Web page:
On 09 April Future Gold Coast was officially launched and will be headed by Michael Roach. Formed from a conversation which spanned more than 12 months, Our Future Cities now comprises Future Cape Town, the founding movement, as well as Future Lagos, Future Johannesburg, Future London and Future Gold Coast.

The expansion to other cities has helped grow the Our Future Cities network. In 2014, more than 40% of readers were from outside of South Africa and over 74,000 social media followers follow the platforms. Other major activities have included operating creative spaces, producing an installation, participating in exhibitions, conferences and research.

Unpacking the addition of Gold Coast to the network, I had a conversation with Michael. You can also read the full press release here.


Rashiq Fataar: We are very excited to go down under, and to welcome to the family one of Australia’s fastest growing cities, Gold Coast. ‘Why Gold Coast?’ is a question I anticipate from our existing followers and friends. Tell us more about the city and why this moment in time is so prime to start a movement.

Michael Roach: Since Gold Coast is the host of the 2018 Commonwealth Games it creates a symbolic deadline to framing those discussions, content and ideas needed to shape the future of a vibrant city.

Gold Coast is the sixth largest city on the Australian continent, and in recent decades has been one of the fastest growing regions in Australia. The Gold Coast has a unique character and form, developing from a strip of coastal villages and towns into a 21st century urban region. The Gold Coast’s population will double by 2050 with two-thirds of the population growth expected to be accommodated within the current urban footprint. This set of challenges creates opportunity to drive positive change ahead of our time on the world stage in 2018.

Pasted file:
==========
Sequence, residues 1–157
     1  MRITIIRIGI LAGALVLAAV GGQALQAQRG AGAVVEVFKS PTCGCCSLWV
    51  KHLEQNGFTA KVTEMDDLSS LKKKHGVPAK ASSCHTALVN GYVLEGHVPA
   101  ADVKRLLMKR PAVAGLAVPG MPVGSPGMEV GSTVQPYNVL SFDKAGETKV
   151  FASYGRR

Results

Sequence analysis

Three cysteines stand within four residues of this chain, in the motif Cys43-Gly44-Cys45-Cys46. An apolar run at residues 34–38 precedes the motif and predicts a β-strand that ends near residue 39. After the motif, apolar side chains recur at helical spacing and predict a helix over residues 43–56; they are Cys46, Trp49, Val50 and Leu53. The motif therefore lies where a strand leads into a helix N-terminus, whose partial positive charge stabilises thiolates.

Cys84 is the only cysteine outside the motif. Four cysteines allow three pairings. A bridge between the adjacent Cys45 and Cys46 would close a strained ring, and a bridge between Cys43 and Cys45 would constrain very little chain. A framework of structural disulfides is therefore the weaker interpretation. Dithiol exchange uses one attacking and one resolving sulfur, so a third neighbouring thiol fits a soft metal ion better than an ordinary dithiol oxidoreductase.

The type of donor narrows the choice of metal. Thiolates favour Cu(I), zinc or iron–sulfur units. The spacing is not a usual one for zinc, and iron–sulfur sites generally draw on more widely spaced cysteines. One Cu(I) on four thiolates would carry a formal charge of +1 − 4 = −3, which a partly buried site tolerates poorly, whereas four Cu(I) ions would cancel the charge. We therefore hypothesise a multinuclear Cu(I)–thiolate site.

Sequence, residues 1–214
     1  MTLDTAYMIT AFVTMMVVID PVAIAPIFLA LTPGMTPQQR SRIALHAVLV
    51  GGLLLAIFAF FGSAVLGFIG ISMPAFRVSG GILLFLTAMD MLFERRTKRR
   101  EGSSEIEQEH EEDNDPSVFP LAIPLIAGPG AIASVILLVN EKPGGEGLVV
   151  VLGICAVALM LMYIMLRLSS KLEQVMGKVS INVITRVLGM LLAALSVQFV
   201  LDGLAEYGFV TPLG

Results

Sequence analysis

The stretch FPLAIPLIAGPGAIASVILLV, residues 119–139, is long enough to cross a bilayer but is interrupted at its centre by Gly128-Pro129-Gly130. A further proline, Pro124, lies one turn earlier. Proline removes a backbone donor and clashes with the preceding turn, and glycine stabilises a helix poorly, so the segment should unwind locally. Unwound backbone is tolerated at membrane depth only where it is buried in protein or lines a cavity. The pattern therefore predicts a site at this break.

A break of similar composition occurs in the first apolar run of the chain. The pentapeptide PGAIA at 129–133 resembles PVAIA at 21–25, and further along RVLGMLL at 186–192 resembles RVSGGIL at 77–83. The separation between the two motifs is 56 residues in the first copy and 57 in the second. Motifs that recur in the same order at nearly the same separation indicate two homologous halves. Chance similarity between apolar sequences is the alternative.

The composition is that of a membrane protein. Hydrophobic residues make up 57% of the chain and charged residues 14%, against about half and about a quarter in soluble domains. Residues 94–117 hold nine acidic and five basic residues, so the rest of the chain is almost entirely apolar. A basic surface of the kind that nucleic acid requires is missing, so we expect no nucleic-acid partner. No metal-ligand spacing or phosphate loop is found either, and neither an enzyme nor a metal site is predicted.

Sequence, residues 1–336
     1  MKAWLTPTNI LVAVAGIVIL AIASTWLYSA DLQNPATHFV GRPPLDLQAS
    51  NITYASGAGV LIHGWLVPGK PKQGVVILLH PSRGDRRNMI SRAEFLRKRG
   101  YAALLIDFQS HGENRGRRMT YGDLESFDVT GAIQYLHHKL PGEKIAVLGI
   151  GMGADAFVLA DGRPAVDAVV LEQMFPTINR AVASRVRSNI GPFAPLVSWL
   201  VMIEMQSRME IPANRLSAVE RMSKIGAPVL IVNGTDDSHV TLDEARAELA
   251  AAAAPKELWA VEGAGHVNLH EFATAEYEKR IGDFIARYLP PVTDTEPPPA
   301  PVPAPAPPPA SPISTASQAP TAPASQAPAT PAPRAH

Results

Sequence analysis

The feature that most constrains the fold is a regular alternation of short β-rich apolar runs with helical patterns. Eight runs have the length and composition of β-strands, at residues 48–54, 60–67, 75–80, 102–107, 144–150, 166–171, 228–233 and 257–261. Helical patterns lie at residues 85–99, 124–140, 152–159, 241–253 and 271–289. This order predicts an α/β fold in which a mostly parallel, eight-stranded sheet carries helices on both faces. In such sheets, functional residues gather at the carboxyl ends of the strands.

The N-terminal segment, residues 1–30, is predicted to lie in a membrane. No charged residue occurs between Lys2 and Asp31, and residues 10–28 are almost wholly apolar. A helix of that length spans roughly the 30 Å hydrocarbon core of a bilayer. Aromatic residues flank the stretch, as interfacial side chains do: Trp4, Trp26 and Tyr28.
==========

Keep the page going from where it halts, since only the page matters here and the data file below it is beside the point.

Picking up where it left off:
RF: Australian cities are often listed as some of the most liveable in the world. Can you elaborate on what the main challenges are for Gold Coast?

MR: I rate the Gold Coast in terms of the health of its burgeoning communities. The intangibles that light up communities here, as well as the infrastructure that supports them. While arriving visitors discover a sun-drenched destination with over 300 days of sunshine, we are confronted with the growing pains of a developmentally driven city. The Gold Coast must now correct its disparate intra-regional connectivity and public transport and step out of its over-reliance on a service or construction economy.

RF: Gold Coast is the host of the 2018 Commonwealth Games, a significant mega-event for a city of its size. What has this event meant for the urban development of the city, and what are the key projects which can move Gold Coast into the future? 

MR: The physical layer to this event is already making a marked impact. The redevelopment of Parklands, Southport for the athletes village is a large urban renewal project. There will also be further communications infrastructure and sporting infrastructure coming online, however what we won’t see is a wider urban renewal program taking place.

The city has tried, to some extent to balance long term urban regeneration needs with those of the event itself. The rest of Australia along with Future Gold Coast will be keenly looking at the positive economic impacts and signs of a legacy momentum. We urgently need to ensure an event legacy of new institutions, processes and activity that continues to bear fruit long after the event has moved on.

RF: How does your current work align with your vision for Gold Coast? What has inspired you about the city?

MR: Involvement with the buzzing local media, arts and culture industry here as well as being a business trainer for the local workforce keeps me finely atuned to the city.

The distinctiveness of Gold Coast is what drew me here over 11 years ago and in my view the coastal form is its biggest, most uplifting and memorable asset. A vision for Gold Coast is impossible without looking to its natural assets to shape and frame new development. In recent times this has seldomly happened, however, we are getting better at this in some cases.

RF: How can Future Gold Coast become a platform for dialogue in Gold Coast? Is this form of dialogue and critical observation missing in the city?

MR: Future Gold Coast can foster a sense of belonging and stewardship by residents. The thought provoking ideas coming from this platform will be a moving dialogue to challenge the status-quo and help the city to innovate and lead by example. I’m looking forward to a talking about those things that aim to explore and enhance the things that Gold Coast values the most.

Follow Future Gold Coast on Twitter @futuregldcoast and on Facebook here.